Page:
In This Issue:
1. Editor's Note: Safeguarding IP: Show Them The Money
2. Today's Top Story
- New Mobile Virus Also Aims At PCs Related Stories
- SCO Sets Its Legal Pad Aside To Offer Mobile Web Services
- Dell To Add Second Type Of 3G To Laptops
- Just Give Us Better Batteries, Mobile-Phone Users Say
3. Breaking News
- Microsoft's Allchin Seeks One Last Stamp On The Desktop
- UPDATE: Google Launches Enterprise Partner Program
- Thunderbird E-Mail Suffers Similar Security Problem As Firefox
- Oracle Considers Supporting Competing Databases
- Ex-Microsoft Exec Starts Work At Google
- Spam Rate Declines But Overall Volume Increases
- Bush Administration Tackles Intellectual-Property Theft
- New Standard Advances Value Of RFID
- Rita: Houston Web-Hosting Firm Braces For Hurricane
- SAP, IBM Tout Business-Intelligence System That Integrates
- 'Pamela Anderson' The Top Search Term
4. In Depth: Personal Tech & Reviews
- Review: Spyware Detectors
- Review: Dynamic DNS Keeps IP Names Up to Date
- IM Server Appliance JabberNow--It's Easy And It Works
- Review: Microsoft System Center Data Protection Manager 2006
- Review: Citrix Does Lite Right With Citrix Access Essentials 1.0
5. Voice Of Authority
- Maritime Security: More Questions Than Answers
6. White Papers
- Zero-Hour Anti-Virus Defense
7. Get More Out Of InformationWeek
8. Manage Your Newsletter Subscription
Quote of the day:
"Never offend people with style when you can offend them with
substance." -- Sam Brown
1. Editor's Note: Safeguarding IP: Show Them The Money
I certainly hope that Commerce Secretary Carlos M. Gutierrez
misspoke (dontcha love these bureaucratic words?) when he
announced this week that President Bush has made fighting the
theft of intellectual property "a top priority throughout the administration."
A top priority?
I'm a writer, so of course I'm all for protecting intellectual
property. And sometimes I feel like I'm in a distinct minority
when I point out that downloading songs off the Internet without
paying for them is stealing! (Yes, it is!) I like a deal as much
as the next person, but if creative people can't make a living
off their work, then they might cease to create, and then there
won't be any new music, or at the very least, we'll face a
limited selection. Extrapolate away to other creative endeavors,
be they movies, software, or patentable enterprises. Less would
not be more in these cases. We want options, and lots of them.
And more often than not, I'm OK with government intervention, be
it through new laws or regulations, if that's what it takes to
punish criminals or get bad corporate behavior back on track.
"Fear of Gov" is a mighty powerful stimulant.
But not this time.
First of all, I can think of many more problems facing this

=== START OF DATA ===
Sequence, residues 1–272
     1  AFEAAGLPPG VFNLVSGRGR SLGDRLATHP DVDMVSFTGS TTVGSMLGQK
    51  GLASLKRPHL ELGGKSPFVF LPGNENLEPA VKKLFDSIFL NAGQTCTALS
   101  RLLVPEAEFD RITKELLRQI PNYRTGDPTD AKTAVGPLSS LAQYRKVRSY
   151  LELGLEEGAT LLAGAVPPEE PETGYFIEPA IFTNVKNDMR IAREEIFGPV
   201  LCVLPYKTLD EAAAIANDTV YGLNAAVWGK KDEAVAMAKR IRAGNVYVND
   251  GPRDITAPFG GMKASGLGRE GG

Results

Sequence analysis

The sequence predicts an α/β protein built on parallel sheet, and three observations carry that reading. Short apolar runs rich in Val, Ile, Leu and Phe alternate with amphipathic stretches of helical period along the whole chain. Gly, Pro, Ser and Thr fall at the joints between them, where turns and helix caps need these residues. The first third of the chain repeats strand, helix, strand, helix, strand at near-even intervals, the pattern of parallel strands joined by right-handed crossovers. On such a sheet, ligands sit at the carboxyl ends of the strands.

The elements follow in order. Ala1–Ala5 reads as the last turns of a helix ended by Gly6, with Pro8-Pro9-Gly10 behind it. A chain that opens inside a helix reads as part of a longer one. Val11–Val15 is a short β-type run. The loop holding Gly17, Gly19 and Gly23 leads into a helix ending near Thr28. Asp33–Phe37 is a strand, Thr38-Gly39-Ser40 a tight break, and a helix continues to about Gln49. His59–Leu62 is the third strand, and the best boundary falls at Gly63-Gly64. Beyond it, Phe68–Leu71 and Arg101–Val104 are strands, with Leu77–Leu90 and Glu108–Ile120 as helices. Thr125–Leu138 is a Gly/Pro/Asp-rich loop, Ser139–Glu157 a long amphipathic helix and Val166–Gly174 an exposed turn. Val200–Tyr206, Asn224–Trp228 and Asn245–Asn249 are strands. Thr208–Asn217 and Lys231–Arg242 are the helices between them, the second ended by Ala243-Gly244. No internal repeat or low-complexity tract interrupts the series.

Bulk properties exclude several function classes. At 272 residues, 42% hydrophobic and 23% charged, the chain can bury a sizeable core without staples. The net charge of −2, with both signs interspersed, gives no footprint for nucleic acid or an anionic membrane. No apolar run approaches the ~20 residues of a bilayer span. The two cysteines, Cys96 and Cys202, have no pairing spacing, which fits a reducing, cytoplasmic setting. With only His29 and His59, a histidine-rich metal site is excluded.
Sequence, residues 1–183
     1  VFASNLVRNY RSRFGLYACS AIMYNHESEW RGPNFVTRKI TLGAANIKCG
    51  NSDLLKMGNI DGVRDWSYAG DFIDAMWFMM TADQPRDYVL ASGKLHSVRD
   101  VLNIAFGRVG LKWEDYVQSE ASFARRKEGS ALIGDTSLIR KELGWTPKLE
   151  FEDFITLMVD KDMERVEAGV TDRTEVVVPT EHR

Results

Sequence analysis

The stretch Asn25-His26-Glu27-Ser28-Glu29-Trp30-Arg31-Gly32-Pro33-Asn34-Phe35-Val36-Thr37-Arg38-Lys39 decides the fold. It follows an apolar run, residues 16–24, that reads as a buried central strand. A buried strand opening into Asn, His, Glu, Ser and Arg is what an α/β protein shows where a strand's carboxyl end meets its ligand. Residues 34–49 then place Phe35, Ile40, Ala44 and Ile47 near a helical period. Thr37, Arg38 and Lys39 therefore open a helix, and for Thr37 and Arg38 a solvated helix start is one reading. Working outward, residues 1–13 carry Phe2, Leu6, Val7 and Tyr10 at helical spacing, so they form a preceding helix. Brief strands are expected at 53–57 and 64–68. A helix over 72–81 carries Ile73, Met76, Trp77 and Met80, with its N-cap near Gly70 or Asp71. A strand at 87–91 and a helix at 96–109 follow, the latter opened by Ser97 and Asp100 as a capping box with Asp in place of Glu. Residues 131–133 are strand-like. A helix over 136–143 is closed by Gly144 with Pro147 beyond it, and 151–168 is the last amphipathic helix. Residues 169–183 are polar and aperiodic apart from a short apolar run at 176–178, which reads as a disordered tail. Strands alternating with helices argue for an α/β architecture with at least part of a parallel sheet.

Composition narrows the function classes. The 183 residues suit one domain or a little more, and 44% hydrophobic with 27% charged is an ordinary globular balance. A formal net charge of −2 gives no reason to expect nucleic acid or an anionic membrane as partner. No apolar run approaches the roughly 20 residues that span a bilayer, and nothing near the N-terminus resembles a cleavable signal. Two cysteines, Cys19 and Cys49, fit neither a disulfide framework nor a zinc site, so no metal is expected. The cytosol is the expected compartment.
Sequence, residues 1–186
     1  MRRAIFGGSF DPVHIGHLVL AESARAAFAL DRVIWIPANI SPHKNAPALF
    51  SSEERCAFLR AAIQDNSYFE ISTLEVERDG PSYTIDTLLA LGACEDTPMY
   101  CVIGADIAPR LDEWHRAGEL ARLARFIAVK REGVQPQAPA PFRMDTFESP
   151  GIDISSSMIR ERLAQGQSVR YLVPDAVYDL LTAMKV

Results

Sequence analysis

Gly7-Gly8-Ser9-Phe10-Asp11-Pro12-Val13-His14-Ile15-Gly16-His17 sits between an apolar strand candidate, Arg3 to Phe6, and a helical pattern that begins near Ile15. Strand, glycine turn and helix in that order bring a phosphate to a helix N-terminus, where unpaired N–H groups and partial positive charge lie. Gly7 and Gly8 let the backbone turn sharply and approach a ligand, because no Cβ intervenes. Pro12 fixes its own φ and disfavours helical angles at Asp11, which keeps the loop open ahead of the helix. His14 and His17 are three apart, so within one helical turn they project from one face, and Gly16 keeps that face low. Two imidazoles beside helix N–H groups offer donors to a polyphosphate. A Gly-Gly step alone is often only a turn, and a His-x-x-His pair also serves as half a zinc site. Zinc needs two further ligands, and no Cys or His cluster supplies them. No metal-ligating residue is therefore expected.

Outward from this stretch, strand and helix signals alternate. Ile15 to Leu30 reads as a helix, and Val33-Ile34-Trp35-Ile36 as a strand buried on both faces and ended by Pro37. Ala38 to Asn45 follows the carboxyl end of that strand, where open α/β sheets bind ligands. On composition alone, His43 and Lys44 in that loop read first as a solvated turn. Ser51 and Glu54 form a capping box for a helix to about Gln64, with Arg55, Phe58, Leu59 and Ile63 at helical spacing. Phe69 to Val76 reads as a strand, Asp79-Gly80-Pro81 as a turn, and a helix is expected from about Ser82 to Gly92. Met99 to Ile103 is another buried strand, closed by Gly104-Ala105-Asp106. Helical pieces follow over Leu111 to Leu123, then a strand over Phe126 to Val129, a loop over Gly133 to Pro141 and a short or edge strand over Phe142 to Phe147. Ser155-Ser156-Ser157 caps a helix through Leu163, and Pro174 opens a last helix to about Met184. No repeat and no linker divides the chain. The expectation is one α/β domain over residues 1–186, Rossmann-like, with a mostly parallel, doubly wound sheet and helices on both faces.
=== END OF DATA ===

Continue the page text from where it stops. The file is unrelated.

country--Iraq, the ballooning deficit, the crumbling
public-school system, affordable health care, Katrina recovery
efforts--that ought to be in the running for "top priority" right
now, and by definition, you only have a limited number of top
priority slots. Second, I think the response to the problem as
outlined by Commerce completely misunderstands the underlying
factors driving this activity. You can read more about that
in my blog.
With retirement a year off, Allchin hopes Vista swan song will
prove to be the "highest quality" and fastest-adopted operating
UPDATE: Google Launches Enterprise Partner Program
Google today introduces Google Enterprise Professional, a partner
program for developers, consultants, and independent software
vendors interested in extending Google's enterprise search
capabilities and in delivering complementary technology and
services to Google enterprise customers.
Ex-Microsoft Exec Starts Work At Google
Kai-Fu Lee, the center of an ongoing legal battle between Google
and Microsoft, has started his job as head of Google's China
operations, about two weeks after a judge ruled that the former
Microsoft VP could work for the search-engine company.
New Standard Advances Value Of RFID
EPC GlobalNet's royalty-free Application Level Events standard
defines the process to collect, manage, and route data that
Electronic Product Code technology generates in the supply chain.
Rita: Houston Web-Hosting Firm Braces For Hurricane
EV1Servers, the eighth-largest Web host, has boarded up its data
centers and sent a small technical team to Kansas to open up shop
there, mobilized cash reserves, and reduced its on-site staff to
A Week's Worth Of Dailies--All In One Place
Have you missed an issue or two of the InformationWeek Daily? Or
want to check out some recent quotes of the day? Check out our
all-new Daily newsletter archive page and get caught up quickly.
Network Computing examined seven enterprise-class
anti-spyware suites. Its Editor's Choice won for its interface
design, removal abilities, and ease of deployment. The
second-place entry, with its Web-based administration, is no
The United States has traditionally seen the seas as an open
highway for commerce and immigration. Of course, these waterways
are also used to smuggle contraband and, more recently, have
posed the potential to become an avenue for a terrorist attack.
Larry Greenemeier explores how the shadowy nature of terrorism
has turned conventional national defense strategies on their ear.
A Ferris Research Report. Companies have invested heavily in
anti-virus defense on E-mail boundary servers, E-mail and other
internal servers, and on client systems. As a player in the
antiviral field, MailFrontier has developed approaches to target
this newly defined zero-hour window of vulnerability.
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5 Top Federal Initiatives For 2015As InformationWeek Government readers were busy firming up their fiscal year 2015 budgets, we asked them to rate more than 30 IT initiatives in terms of importance and current leadership focus. No surprise, among more than 30 options, security is No. 1. After that, things get less predictable.